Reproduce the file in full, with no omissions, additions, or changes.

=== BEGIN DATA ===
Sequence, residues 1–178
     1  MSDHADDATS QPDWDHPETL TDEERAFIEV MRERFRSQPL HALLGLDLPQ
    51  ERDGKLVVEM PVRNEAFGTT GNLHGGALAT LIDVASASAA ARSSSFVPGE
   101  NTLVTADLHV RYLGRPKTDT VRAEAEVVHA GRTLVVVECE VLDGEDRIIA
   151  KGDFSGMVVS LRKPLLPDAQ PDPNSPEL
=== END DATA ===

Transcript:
Sequence, residues 1–178
     1  MSDHADDATS QPDWDHPETL TDEERAFIEV MRERFRSQPL HALLGLDLPQ
    51  ERDGKLVVEM PVRNEAFGTT GNLHGGALAT LIDVASASAA ARSSSFVPGE
   101  NTLVTADLHV RYLGRPKTDT VRAEAEVVHA GRTLVVVECE VLDGEDRIIA
   151  KGDFSGMVVS LRKPLLPDAQ PDPNSPEL